Marie Curie was among the first to learn that exposure to high doses of radiation can stunt organisms’ growth and cause premature death. In The Effects of Gamma Rays on Man-in-the-Moon Marigolds, a budding female scientist takes a different route to the same lesson.
Tillie Hunsdorfer (Chelsea Cook) is a bright student whose mother, Beatrice (played by Annette L. Bourque), is jealous of her success. While she doesn’t actually hit her daughter, Beatrice is emotionally abusive and often prevents Tillie from even going to school, instead making her do endless chores around the house. Tillie’s sister Ruth (Andrea Wickham) is allowed to go to school, but seems not to make much of the opportunity.
It becomes clear, though, that Beatrice sees herself in her smart non-conformist daughter, and fears for Tillie’s future. When Beatrice learns the students laughed at Tillie during a science assembly, she turns on her. "They laugh at you, they’re laughing at me," she says, remembering the scorn she endured in her school days, just for being different. That radiation has seared Beatrice, and she in turn irradiates Tillie and Ruth.
Beatrice confesses her feelings in a conversation with Tillie about a science project. Tillie is planting marigold seeds that have been exposed to cobalt-60, a radioactive isotope with the relatively short half-life of 5.3 years.
Beatrice, she tells her daughter, knows all about half-lives. She is "the original half life," she says, and launches into a brief soliloquy offering a view into another world, the inner corridors of "the other half"’s lives: Beatrice has one daughter — the panic-suffering Ruth — with "half a mind," the other — science-brained Tillie — "half a test tube," her house is half full of the droppings of the family’s pet rabbit, and she shares a living space with half a corpse, the elderly Nanny (Ellen Thomas), whom Beatrice cares for to earn extra money.
It is a speech that could be both heartbreaking and pathetic. Bourque, however, only gets to the pathetic part of Beatrice’s character. The play is written to be slow-moving, and Bourque’s Beatrice properly sucks the life out of each scene in which she appears. But even in moments of redemption and openness, Bourque draws only pity from the audience.
Cook’s Tillie is a far more sympathetic character, playing her middle-woman role strongly, and showing the promise of youthful enthusiasm in scenes without Beatrice. When faced with Beatrice, Cook immediately adopts deferential tone and bearing, though keeping sparks alive under the bushel.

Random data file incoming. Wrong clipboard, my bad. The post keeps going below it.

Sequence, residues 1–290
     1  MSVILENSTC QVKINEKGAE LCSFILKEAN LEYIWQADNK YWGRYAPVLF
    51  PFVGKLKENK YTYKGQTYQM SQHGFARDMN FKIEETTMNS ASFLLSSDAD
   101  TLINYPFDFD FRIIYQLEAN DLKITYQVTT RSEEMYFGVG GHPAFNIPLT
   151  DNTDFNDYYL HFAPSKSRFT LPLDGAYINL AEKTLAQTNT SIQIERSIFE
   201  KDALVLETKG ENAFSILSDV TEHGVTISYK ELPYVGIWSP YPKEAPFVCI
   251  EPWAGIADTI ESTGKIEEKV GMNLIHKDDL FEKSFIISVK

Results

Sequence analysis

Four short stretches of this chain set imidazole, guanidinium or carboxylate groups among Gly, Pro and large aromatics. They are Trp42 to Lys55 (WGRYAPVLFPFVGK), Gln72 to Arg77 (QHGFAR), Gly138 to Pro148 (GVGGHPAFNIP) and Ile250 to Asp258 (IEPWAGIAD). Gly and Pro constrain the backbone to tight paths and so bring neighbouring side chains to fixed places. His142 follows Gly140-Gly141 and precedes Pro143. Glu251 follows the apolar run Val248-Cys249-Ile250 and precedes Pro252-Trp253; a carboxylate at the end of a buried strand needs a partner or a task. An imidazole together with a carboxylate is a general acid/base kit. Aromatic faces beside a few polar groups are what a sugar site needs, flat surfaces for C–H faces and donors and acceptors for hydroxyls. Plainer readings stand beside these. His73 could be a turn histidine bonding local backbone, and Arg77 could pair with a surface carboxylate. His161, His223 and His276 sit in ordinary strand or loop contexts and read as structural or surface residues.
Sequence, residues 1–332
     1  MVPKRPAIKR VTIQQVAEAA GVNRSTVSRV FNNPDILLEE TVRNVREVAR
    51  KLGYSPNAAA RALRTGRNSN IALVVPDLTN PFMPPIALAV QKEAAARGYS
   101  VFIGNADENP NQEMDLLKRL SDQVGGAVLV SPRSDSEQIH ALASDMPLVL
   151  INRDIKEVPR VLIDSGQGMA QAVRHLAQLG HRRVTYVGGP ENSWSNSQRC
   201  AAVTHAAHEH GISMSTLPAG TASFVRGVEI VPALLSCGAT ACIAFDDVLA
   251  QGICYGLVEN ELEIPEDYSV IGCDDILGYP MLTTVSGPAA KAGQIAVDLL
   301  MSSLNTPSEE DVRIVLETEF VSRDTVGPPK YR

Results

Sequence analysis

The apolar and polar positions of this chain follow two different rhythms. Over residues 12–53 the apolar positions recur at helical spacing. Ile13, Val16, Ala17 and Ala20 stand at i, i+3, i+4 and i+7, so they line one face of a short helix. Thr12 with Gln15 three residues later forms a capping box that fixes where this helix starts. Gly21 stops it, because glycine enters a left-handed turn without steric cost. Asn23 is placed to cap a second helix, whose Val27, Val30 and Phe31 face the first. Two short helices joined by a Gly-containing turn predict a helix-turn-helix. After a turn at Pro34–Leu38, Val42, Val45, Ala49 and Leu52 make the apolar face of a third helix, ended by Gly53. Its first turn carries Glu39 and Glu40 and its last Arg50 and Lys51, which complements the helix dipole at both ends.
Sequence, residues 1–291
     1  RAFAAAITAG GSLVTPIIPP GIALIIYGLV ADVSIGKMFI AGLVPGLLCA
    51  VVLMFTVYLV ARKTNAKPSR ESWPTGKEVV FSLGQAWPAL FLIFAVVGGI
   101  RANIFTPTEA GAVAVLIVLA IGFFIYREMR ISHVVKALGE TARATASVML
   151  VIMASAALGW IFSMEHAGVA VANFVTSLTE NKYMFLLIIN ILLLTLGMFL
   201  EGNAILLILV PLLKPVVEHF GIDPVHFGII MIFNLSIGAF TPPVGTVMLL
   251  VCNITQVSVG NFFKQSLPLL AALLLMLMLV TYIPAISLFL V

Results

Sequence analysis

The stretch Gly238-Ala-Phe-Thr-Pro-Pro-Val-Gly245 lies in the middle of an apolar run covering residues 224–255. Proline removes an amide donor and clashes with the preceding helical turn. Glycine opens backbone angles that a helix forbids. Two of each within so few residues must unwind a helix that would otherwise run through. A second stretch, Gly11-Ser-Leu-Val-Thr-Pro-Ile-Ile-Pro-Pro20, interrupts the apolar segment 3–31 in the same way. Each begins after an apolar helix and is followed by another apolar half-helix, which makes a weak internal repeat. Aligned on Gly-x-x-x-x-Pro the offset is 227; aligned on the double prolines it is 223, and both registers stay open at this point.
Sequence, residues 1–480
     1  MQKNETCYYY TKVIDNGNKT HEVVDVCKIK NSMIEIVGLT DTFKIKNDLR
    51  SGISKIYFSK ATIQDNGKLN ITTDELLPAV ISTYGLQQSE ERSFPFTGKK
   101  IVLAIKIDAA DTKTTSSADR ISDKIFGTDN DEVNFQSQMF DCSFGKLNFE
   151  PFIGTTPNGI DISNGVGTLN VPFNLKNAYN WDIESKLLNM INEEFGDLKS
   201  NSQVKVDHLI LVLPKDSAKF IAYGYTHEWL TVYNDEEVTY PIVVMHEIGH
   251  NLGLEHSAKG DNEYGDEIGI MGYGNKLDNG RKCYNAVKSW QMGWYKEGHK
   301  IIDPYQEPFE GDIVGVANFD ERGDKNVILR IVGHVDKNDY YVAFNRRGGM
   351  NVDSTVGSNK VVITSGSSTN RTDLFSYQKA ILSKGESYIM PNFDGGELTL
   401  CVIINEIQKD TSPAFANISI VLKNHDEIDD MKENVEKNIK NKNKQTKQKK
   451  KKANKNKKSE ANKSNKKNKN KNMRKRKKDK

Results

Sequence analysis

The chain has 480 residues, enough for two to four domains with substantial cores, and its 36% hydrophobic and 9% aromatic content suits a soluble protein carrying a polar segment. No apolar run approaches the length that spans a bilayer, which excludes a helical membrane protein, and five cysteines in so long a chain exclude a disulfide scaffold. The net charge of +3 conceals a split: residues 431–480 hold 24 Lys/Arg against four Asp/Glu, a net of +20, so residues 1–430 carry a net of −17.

Ruth is more stereotypical, and is played well by Wickham, a newcomer to USM’s main stage. First a flighty teenage girl, she morphs into a younger version of her mother, but one more bitter and with less hope.
The characters are complicated and conflicted. It is their depth that earned this play both a Pulitzer and an Obie. Beatrice’s grudging acceptance of duty, dashing her own dreams, is briefly inspiring, when she is made to understand that Tillie’s finalist status in the school science fair is not a chance for people to mock Beatrice but to celebrate Tillie.
In the second act, the effects of the radiation become clear. As Tillie’s marigold experiment showed, seeds with a little radiation were normal; moderate radiation resulted in mutants. Seeds that endured large amounts of radiation were stunted or killed.
Beatrice, boosted by pride in Tillie’s accomplishments at the science fair, starts to heal and face her fears. But her radiation has ruined Ruth, who turns on her mother and destroys what remains of the life in Beatrice’s soul, triggering a rapid decay of spirit and turning Beatrice into a shell of her former self.
While the show is billed as a redemptive story, there is little hope left at the play’s end. Despite Tillie’s claim that "some of the mutations will be good ones," the spectre of radiation sickness lingers in the theater after the lights go up.
The Effects of Gamma Rays on Man-in-the-Moon Marigolds
Written by Paul Zindel. Directed by Minor Rootes. With Annette L. Bourque, Chelsea Cook, and Andrea Wickham. At University of Southern Maine, Russell Hall, through Oct. 12. Call (207) 780-5151.
• The Public Theatre in Lewiston recently received two grants: $10,000 from the National Endowment for the Arts to support educational outreach programming, including ticket-price subsidies for students and local community organizations, and student internships at the theater; and a $5000 unrestricted grant from the Shubert Foundation, the charity arm of a company owning 17 Broadway theaters, recognizing general excellence at the Public Theatre.
• Need a great Halloween costume? Check out the Maine State Music Theatre’s costume shop sale October 11, from 8 a.m. to noon, at MSMT’s new building, 22 Elm Street, in Brunswick, across from Hannaford. Most items will sell for $5, and all proceeds benefit the theater. Local theaters can get first dibs by calling Crystle Martin at (207) 725-8760 x15.• A group of 10 Boothbay Harbor residents has purchased the town’s Opera House and plans to restore it. The 20,000-square-foot building will house gallery space, dance studios, a banquet hall, reception areas, and a 350-seat main theater. The first event, a concert by Jackson Browne, will be November 3. To learn more, visit www.opera-house.org